Since 2010, we’ve helped thousands of businesses send out millions of SMS messages. The messages range from transnational messages, SMS reminder to simple notifications.

Throughout this process, we’ve been able to observe what works and what doesn’t, the good, bad and ugly of SMS marketing. Don’t get this the wrong way because SMS marketing works, which is great and given that 81% of cell phone owners use their phone to send and receive text messages, it makes it one of the many powerful channel to connect with consumers. However, if done the wrong way like sending multiple messages at 2 am or sending an SMS reminder past the scheduled time for an appointment then it can get uncomfortable.

An effective SMS campaign has to be a pleasant experience for the consumer. That’s why we have listed down a few do’s and don’ts to guide you in the process if you wish to include SMS marketing in your marketing strategy.

Dos

1. Keep it Brief

With SMS marketing, you have about 160 characters limit to get your message across. Leads and customers are easily turned off by long and ambiguous messages so try to keep your messages short and make your intention clear.

If you decide to add a link within your message that will direct people to your business page, you should consider using URL shorteners  like Goo.glor Bit.ly which compress long URL links into short, functional snippets that don’t offend the eye.

2. Include a Call to Action

Your outgoing message must have an intention that tells people what they can do next. Remember, you are not texting just to ask “What’s up?” as you do to a friend. You’re pitching a customer. Typically, the CTA could be to ask recipients to use a coupon code for a special deal or simply replying YES to confirm their attendance to an upcoming event.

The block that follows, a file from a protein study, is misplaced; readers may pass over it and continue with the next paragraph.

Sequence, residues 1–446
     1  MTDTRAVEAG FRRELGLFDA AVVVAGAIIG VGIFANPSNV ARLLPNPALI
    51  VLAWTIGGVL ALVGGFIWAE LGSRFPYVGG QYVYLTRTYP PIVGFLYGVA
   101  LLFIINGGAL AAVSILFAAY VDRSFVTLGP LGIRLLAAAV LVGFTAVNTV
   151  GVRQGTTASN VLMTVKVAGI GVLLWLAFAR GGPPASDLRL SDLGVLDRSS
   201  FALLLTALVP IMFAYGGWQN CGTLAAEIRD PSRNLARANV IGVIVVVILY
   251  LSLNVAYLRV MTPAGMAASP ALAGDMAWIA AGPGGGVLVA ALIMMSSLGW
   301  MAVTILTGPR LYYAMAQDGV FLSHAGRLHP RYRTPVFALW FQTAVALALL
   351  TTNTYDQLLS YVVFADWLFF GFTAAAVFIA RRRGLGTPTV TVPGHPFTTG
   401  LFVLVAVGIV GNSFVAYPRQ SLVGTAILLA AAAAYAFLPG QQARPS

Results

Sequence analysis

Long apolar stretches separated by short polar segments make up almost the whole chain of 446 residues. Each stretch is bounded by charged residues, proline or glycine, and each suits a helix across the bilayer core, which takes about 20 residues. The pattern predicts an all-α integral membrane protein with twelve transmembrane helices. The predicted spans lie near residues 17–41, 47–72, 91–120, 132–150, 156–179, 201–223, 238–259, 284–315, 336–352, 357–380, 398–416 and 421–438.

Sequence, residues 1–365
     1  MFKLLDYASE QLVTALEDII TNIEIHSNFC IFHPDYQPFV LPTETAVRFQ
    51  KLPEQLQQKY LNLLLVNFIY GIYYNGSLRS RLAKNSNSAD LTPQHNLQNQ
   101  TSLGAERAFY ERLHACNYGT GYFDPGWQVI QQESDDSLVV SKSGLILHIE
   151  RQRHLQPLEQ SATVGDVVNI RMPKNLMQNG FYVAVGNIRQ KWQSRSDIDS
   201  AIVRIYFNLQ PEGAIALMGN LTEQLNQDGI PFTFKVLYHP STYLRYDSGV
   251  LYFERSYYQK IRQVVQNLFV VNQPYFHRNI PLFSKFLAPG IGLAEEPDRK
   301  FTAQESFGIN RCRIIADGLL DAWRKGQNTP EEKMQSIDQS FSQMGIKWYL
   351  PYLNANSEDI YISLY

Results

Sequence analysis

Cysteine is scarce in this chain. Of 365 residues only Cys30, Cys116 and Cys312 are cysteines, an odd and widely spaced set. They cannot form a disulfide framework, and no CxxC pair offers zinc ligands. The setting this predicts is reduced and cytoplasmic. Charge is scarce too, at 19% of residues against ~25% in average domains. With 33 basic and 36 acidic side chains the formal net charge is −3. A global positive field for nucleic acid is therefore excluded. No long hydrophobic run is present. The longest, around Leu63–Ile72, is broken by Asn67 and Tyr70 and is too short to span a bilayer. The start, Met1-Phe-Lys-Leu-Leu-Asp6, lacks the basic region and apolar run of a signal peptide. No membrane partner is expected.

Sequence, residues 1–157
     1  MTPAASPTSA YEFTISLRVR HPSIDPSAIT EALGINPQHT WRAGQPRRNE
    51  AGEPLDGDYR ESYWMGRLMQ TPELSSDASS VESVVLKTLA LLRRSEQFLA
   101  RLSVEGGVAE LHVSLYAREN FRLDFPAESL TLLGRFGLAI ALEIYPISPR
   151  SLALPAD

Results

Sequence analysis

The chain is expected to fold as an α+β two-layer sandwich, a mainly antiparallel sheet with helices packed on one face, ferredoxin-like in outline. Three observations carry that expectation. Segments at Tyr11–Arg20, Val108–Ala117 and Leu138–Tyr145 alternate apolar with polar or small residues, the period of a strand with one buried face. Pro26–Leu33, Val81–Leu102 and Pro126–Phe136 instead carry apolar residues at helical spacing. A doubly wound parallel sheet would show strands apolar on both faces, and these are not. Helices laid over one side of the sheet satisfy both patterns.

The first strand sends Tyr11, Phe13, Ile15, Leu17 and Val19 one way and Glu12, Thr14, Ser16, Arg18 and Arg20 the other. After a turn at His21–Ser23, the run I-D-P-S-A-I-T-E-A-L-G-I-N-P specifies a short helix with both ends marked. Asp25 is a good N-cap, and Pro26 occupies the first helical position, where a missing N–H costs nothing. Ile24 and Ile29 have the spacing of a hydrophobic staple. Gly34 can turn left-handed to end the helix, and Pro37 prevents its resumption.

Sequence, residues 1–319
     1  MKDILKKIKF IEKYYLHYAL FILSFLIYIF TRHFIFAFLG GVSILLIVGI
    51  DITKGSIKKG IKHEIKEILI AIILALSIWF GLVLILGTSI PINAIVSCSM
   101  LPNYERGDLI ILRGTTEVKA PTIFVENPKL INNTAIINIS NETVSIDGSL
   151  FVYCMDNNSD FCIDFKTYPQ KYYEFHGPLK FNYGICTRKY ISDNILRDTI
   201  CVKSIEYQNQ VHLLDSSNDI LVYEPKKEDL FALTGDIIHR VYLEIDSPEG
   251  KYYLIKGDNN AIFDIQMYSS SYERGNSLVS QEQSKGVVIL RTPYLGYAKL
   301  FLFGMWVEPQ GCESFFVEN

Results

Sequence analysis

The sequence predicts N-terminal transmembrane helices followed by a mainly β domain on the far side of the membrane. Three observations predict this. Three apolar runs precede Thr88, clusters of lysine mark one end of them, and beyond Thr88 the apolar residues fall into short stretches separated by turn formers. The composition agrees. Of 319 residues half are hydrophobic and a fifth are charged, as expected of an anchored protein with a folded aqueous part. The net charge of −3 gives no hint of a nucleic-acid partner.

Avoid CTA that involves multiple steps as this may lead to drop-offs. So whatever the purpose , your CTA should be to the point as it is the focal point of your message.

3. Allow Two-way Communication

Make sure your SMS campaign is not one sided. Encouraging the recipient to respond to your text is a good way to develop a relationship with them. For example, you can run a contest that require texting back answers to questions, or ask the recipient to text back a code to get a special deal or even send out surveys to fill out.  All these tactics can increase customer engagement and can help you get feedback which can help you improve you SMS marketing campaign or your business as a whole.

On this, you should also be mindful of those who might not be interested in your SMS campaign. Be sure to include an opt-out option (make it visible, in all caps at the end of message) to allow the recipient to opt out of your SMS campaign at any time. Your SMS subscriber will appreciate this.

Example of text message with the mentioned Do’s

Don’ts

1. Don’t Send Without Segmentation

Mobile devices are a personal tool and people can get annoyed if they receive messages unrelated to their preferences. Audience, prospect and customer segmentation is key to SMS marketing.

On average, the open rate for SMS is around 98%, if an SMS campaign is run effectively it can bring great results to a business.

2. Don’t  Send Messages Too Frequently

Avoid contacting your customers too often like you do with your close friends otherwise you’ll come off as spammy. In fact, two to three times a month is considered a good amount. Unless its transnational SMS or SMS reminders you can text more times to give your customers the information they need when they need it.

Timing is also very important. Only text the right amount and at the right moment so your audience can see, read and react to your messages. It is also advised not to sent out SMS during the night. Simply put, you should do your messaging during your business hours or don’t do it at all.

3. Don’t Use Abbreviations

Yes, you should avoid using abbreviations and SMS slang. While it may seem like a smart way to tighten your message and keep it short, not everyone understands texts abbreviations. And if your audience cannot comprehend what you’re telling them they will ignore your message or even unsubscribe from your services.

Abbreviations like OK, THNX, ASAP can be used sparingly and when appropriate but can be risky to use in business communication. Furthermore, as a business you have an image and professionalism to maintain so why risk harming the perception of your brand by using unprofessional language?

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